In other words, cities with the mildest winters on average. Rainfall, heat waves, and other meteorological events aside, if Montreal's -30 degree winters have proven to be too much torture for you, then these are the cities you need to consider.
Toronto, which isn’t particularly known for its great weather, has milder winters compared to the rest of Canada than you might realize, with 264 days per year above 0 °C. Mild winters are the most important factor in our ranking of the cities with the best weather, with seven out of 10 points in the category dedicated to the number of days above 0 °C.
Maclean’s Best Communities in Canada ranks 415 cities across the country based on 10 categories: Wealth and economy, affordability, population growth, taxes, commute, crime, weather, access to health care, amenities and culture. Stronger winds in and below canyons and passes.
While chilly Canadian winters can be a lot of fun (think ice-skating on frozen canals, skiing down snowy mountains, or watching the Northern Lights dance in the winter sky), not everyone is willing to brave the frigid temperatures of the Great White North. There's a clear theme to the destinations on this list: most of them are located in Canada's westernmost province, British Columbia.
There's a reason so many people choose to retire to Victoria and other beautiful places on Vancouver Island : the gloriously mild winters make it pleasant to enjoy a stroll outside year-round. You can still experience winter activities in Victoria, like ice-skating, Christmas light tours, and a cozy cup of tea.
If you want to escape the cold but prefer not to get caught in the rain, check out Kelowna, British Columbia. In the summer, this is a popular destination for travelers: the weather is hot, and the lake is perfect for just about every water activity you can imagine.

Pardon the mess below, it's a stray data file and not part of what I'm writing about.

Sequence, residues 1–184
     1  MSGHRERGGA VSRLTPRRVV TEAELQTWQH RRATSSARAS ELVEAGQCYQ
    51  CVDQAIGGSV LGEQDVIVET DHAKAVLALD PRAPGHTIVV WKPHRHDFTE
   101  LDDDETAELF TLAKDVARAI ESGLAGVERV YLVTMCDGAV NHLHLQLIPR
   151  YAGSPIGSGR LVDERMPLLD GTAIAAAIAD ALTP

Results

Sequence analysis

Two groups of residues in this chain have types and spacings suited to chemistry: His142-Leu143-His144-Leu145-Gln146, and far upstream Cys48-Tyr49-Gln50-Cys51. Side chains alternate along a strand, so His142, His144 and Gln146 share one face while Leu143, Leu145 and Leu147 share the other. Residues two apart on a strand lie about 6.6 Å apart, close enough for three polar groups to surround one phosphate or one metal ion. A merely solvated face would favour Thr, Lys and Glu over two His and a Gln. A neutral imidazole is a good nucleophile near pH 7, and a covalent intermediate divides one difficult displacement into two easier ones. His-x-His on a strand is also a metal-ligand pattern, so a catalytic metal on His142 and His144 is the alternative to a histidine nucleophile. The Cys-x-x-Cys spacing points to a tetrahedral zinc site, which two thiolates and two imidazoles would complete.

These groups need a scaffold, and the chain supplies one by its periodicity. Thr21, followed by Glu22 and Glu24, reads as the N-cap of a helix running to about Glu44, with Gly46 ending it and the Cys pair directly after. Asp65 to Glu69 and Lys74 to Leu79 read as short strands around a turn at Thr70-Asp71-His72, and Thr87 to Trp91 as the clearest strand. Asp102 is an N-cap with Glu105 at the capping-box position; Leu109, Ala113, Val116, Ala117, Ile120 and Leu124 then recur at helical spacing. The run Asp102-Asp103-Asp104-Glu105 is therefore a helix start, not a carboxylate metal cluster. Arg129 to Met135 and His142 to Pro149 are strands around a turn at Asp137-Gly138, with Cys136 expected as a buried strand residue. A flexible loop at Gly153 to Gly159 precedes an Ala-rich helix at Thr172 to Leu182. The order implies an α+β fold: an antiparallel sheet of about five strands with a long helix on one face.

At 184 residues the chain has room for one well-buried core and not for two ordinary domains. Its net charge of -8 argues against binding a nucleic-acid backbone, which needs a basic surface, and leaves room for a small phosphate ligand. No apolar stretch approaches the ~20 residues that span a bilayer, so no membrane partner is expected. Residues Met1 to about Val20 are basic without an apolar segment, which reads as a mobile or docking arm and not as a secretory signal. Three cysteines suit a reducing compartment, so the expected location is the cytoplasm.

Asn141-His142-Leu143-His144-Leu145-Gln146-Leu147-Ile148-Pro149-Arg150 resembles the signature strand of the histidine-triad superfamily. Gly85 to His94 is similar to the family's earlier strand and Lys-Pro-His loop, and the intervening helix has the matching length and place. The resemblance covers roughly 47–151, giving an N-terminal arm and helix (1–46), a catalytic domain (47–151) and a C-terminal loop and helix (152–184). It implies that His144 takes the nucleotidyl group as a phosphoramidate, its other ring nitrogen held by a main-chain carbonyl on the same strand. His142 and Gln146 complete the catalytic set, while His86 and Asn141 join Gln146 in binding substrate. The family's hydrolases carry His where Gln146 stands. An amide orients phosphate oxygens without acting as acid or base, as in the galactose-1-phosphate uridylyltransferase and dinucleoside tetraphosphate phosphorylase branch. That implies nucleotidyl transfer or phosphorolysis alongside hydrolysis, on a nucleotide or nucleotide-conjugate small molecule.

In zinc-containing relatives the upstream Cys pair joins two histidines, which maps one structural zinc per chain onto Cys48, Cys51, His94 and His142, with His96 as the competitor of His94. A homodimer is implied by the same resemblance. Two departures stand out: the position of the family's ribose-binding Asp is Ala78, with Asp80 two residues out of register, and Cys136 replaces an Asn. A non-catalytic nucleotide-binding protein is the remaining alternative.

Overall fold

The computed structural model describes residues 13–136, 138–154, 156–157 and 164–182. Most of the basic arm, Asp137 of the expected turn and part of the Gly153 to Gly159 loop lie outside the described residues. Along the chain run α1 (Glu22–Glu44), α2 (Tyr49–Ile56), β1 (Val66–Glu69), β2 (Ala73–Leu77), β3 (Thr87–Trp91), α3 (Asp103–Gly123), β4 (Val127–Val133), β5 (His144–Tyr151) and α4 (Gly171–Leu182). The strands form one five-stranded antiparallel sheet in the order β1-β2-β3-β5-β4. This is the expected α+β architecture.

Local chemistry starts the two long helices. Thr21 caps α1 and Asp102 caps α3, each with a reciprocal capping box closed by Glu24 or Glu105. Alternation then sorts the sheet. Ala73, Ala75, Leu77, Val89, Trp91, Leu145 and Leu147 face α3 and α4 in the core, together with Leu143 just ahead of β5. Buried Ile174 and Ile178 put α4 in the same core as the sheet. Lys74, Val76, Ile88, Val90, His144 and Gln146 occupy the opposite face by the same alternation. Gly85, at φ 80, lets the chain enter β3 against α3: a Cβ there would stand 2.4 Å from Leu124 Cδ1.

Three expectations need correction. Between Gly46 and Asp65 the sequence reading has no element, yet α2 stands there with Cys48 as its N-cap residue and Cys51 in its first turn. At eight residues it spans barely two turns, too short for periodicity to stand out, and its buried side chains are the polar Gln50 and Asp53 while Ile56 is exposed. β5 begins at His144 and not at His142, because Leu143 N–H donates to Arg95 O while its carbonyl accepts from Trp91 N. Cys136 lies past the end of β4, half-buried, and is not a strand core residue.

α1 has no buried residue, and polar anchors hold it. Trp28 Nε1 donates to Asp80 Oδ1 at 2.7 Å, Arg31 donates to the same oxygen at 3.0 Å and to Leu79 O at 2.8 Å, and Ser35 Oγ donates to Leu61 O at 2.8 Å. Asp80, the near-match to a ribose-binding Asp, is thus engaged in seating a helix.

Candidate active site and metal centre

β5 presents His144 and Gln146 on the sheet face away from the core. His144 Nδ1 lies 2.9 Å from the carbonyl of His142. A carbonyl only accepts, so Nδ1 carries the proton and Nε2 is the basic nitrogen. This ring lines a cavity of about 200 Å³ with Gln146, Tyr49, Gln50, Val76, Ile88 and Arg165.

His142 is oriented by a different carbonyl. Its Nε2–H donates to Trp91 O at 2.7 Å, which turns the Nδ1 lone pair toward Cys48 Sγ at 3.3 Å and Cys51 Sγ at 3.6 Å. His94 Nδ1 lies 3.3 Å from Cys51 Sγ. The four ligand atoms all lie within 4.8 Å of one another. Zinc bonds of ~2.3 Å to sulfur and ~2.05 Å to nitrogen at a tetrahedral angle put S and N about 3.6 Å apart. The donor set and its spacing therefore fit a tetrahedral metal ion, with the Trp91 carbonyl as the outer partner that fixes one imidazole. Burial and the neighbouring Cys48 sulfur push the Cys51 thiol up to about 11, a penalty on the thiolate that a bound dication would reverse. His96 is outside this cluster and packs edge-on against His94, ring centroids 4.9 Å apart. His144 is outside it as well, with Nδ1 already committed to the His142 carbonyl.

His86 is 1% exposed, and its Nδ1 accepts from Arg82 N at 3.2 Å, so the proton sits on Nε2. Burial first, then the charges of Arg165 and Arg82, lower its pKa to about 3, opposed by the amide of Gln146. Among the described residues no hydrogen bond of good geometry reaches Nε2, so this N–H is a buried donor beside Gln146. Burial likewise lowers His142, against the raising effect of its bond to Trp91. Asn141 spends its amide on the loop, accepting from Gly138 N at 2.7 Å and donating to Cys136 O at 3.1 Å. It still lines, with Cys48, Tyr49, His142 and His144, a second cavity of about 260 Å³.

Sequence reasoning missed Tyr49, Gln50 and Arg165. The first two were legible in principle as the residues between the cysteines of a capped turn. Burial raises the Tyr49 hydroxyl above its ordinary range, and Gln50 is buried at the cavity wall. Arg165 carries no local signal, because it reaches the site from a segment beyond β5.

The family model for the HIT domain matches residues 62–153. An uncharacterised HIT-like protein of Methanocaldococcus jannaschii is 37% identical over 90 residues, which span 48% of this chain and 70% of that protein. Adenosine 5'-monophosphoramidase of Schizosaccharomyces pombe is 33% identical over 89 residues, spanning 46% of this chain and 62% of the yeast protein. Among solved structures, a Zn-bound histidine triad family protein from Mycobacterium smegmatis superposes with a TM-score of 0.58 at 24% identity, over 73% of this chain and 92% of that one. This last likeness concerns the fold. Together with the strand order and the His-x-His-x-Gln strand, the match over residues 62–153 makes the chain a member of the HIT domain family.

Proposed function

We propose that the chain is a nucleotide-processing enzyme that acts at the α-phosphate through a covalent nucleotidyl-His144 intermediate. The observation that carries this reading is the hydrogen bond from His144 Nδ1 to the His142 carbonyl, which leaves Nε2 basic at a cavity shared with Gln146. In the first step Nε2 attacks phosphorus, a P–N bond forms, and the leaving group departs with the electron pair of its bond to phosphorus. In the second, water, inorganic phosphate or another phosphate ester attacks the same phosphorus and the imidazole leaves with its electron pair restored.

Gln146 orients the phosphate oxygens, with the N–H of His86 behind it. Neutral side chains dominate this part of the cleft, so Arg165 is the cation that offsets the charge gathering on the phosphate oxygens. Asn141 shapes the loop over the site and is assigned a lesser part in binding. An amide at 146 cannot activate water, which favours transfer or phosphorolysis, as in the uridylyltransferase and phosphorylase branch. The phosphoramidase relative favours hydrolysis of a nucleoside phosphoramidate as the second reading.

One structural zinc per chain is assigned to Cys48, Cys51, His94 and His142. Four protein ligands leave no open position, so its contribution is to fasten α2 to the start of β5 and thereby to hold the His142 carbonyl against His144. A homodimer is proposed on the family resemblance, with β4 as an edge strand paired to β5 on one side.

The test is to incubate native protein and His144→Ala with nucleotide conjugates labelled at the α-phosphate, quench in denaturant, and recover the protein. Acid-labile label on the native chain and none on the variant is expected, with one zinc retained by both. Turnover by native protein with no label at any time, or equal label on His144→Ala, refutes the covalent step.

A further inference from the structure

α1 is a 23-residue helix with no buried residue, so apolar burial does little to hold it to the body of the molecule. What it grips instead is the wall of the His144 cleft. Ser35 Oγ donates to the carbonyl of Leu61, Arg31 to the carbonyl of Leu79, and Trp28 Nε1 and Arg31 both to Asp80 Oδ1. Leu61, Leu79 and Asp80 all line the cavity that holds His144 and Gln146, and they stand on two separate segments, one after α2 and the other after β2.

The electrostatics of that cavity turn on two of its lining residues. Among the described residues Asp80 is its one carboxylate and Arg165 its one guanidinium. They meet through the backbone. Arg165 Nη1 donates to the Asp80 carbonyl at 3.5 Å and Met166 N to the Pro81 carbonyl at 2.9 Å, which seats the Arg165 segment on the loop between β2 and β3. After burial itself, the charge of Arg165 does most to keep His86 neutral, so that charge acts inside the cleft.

If you've got your heart set on visiting Canada's beautiful East Coast in the winter, the warmest city to travel to is Halifax, the capital of Nova Scotia. Situated on the shores of the Atlantic, Halifax experiences milder winters than the province's inland towns and cities.
A side benefit of visiting Halifax in the winter is that all of its attractions are significantly less busy than in the touristy summer months. With a name like the Sunshine Coast, it's easy to understand the appeal of this region of southern British Columbia.
If you're not afraid of a little rain, then you'll enjoy spending your days exploring trails, checking out waterfalls, or strolling by the beaches. If you're visiting Vancouver in the winter and are desperate for a break from the gray skies and rainy weather, keep your eye on the forecast in White Rock.
Then, grab a long lunch at one of the many restaurants overlooking the ocean before heading back up to Vancouver. White Rock is the perfect way to get a much-needed dose of vitamin D in the middle of winter.
When it comes to weather, St. John's, Newfoundland, is known for a few different things: it is the #1 windiest, foggiest, and cloudiest city in Canada. Winter temperatures are only slightly colder than Kelowna, BC (another mild city featured earlier on this list).
Signal Hill and Cape Spear offer unique vantage points for taking in the beauty of the coast. When you're ready to dry off, head to downtown St. John's and check out the local shops, stopping for a coffee or tea to warm up.
You can easily fill a day exploring The Rooms, a stunning museum celebrating Newfoundland's rich history and impressive artists. As the province's second sunniest city, Balloons experiences plenty of bluebird days, even in the dead of winter.
Challenge yourself physically at the indoor rock climbing gym trampoline park, or give your brain a workout by trying to solve an escape room. But Toronto has the distinction of placing fourth in the list of longest frost-free seasons of all the cities in Canada.